Newest Yankee sorry for dimming 'great moment'

NEW YORK -- Still a little stunned by all the attention,
Randy Johnson stood up, stretched out his 6-foot-10 inch frame and
pulled on those famous pinstripes.

As dozens of cameras clicked away in a stuffy room packed with
reporters, the Big Unit then made his first pitch as a member of
the New York Yankees: an apology.

Johnson opened Tuesday's news conference by talking about his
confrontation on a Manhattan sidewalk with a television cameraman
on the way to his physical the previous day.

"It was unprofessional and, obviously, I feel very foolish
today, at such a great moment in my career, that I would have to
sit before all of you, or stand before all you, and apologize for
my actions," Johnson said.

He said he had seen the video and felt "terrible" and "embarrassed."

"Come to one of the biggest media markets, one of the
winningest franchises in the history of any sport, and that's the
way I enter? I'm sorry, I don't know how many more times I can say
that," he added. "I hope I can move on and can get another chance to prove that I'm worth coming here."

All he has to do is deliver the championship owner George Steinbrenner demands.

In a trade in the works for more than a month and agreed to Dec.
30, the Yankees sent pitchers Javier Vazquez and Brad Halsey,
catcher Dioner Navarro and $9 million to the Arizona Diamondbacks for Johnson.

The five-time Cy Young Award winner got a $32 million, two-year
contract extension that runs through 2007, and the deal was finally
completed when he aced his medical tests Monday. The 41-year-old
left-hander even astounded New York's team doctor because his elbow
and shoulder were still in such good shape.

The biggest concern about Johnson is his creaky right knee,
which lands on the slope of the mound every time he throws a pitch.
He took gel injections last season to keep pitching (he made 35
starts), but this year he thinks the knee, which he says does have
cartilage, will feel better because he doesn't have to run or swing
a bat in the American League.

So, with the Yankees in dire need of a dominant ace to counter
Curt Schilling and the rival Boston Red Sox, Johnson could wind up
being the biggest thing in the Bronx south of the zoo. He might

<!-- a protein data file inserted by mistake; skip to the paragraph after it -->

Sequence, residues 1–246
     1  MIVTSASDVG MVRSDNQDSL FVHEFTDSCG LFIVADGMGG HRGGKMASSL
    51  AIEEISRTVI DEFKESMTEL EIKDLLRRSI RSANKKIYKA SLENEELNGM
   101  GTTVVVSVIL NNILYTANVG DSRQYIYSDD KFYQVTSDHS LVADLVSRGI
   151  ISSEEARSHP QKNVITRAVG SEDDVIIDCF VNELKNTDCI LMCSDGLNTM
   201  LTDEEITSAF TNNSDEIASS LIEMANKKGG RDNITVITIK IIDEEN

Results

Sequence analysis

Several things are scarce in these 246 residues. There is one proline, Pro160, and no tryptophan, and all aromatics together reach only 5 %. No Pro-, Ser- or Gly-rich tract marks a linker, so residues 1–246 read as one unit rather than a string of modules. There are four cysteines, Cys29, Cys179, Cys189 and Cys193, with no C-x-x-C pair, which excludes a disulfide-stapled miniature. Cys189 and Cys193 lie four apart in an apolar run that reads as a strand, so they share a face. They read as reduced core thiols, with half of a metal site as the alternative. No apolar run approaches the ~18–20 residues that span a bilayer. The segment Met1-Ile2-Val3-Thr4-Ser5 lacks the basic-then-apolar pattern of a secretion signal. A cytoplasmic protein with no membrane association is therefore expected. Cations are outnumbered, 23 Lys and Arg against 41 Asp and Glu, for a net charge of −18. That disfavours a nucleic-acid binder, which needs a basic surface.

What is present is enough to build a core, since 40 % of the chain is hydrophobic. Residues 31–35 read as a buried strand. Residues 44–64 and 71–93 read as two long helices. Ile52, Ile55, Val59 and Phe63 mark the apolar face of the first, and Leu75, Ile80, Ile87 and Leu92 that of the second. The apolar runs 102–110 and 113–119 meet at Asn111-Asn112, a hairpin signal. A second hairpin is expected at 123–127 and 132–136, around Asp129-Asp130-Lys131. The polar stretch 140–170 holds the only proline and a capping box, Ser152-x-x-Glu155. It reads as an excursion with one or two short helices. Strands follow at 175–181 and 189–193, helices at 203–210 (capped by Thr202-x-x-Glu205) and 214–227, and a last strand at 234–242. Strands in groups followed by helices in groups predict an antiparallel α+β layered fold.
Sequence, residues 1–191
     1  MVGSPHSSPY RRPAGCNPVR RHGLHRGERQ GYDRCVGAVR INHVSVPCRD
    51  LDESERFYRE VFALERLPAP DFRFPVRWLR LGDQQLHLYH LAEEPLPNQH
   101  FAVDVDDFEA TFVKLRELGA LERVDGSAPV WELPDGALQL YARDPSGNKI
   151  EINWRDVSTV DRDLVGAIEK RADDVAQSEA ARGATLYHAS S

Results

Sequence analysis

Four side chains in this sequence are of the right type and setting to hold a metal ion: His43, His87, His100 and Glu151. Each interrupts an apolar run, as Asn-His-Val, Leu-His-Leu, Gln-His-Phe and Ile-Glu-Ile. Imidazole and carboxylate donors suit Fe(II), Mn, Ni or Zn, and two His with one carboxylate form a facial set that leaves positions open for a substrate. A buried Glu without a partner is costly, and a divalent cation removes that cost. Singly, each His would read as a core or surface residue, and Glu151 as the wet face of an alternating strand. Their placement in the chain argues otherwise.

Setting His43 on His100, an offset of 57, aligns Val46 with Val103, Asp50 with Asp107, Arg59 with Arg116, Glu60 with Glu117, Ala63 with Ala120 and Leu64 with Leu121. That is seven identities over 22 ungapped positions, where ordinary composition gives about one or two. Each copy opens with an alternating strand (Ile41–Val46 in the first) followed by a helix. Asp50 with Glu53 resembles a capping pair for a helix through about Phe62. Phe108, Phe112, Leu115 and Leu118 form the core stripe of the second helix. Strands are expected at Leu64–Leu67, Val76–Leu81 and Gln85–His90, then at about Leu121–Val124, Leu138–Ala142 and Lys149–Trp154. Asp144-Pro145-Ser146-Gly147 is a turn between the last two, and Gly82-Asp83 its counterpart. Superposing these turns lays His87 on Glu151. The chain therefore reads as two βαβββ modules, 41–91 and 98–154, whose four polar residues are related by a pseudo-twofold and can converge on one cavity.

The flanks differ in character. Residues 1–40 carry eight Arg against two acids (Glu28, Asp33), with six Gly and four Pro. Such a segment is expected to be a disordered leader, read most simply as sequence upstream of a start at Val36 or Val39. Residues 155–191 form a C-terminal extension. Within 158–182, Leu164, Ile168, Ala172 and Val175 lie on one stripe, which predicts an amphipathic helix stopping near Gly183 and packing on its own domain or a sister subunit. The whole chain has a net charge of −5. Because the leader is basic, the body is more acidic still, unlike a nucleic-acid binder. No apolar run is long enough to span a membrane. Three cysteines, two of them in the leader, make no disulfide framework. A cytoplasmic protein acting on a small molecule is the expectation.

even start against Schilling, his old Arizona sidekick, in the season opener on April 3.

"I just want to win so bad. That's all I've ever wanted to do," he said. "I'm not scared of any challenge."

The Yankees know that firsthand, one reason they pursued him so
vigorously for the past six months. Johnson is 5-0 with a 1.65 ERA
against New York in the postseason, leading Seattle to a
first-round victory in 1995 and Arizona to a World Series title in 2001.

"This guy is one of the premier pitchers of all-time," Yankees
general manager Brian Cashman said. "I personally feel that he's
cost this organization two championships, more so than any other

Johnson joins a revamped rotation that includes fellow newcomers
Carl Pavano and Jaret Wright, plus holdovers Mike Mussina and Kevin Brown.

Mussina is 36, Brown will turn 40 in March and has a bad back,
and Wright has a history of shoulder problems, so staying healthy
is a big concern for everyone. But the addition of Johnson should
ease the burden on the bullpen and all the other starters.

"In more ways than one, a huge addition to our pitching
staff," manager Joe Torre said in a statement. "His
accomplishments speak for themselves, but he will also make
everyone around him much better."

The deal that brought Johnson to New York fell through several
times, in several forms. Turning to the pitcher on Tuesday, Yankees
president Randy Levine, told him: "We've been trying to bring you
here for a long, long time. ... But sometimes, to put a Big Unit in
place takes a little longer."

Blessed with a blazing fastball and a nasty slider that he
worked hard to master, Johnson has a 246-128 record with a 3.07 ERA
in 17 major league seasons. He also ranks third on the career
strikeout list with 4,161.

He was runner-up to Roger Clemens for the NL Cy Young Award last
year, but Johnson said the Diamondbacks wanted him to take a 50
percent cut in his 2005 salary -- $16 million -- if they were going
to extend his contract. Still one of the best pitchers in baseball,
he didn't see why he should have to.

Johnson said he had a close relationship with former
Diamondbacks chief executive officer Jerry Colangelo, but never
even sat down to talk with the new regime headed by incoming CEO
Jeff Moorad.

Now in the Big Apple, Johnson pledged to accommodate the New
York media as much as possible, though he acknowledged he's usually
surly on days when he's pitching. He appeared Tuesday on CBS's
"Late Show with David Letterman," playfully covering a camera
lens with his hand as he walked out on stage.

The Yankees aren't so concerned with all that. They're just
happy they finally have the elusive piece that finishes their
pitching puzzle.

And it's a big one.

As Johnson slipped on his new cap in the Stadium Club, with
paintings of Yankees greats adorning the walls all around him, he
towered over the diminutive Cashman in front of the podium.

"Probably not a good picture for me," Cashman said.

But just what the Yankees were looking for.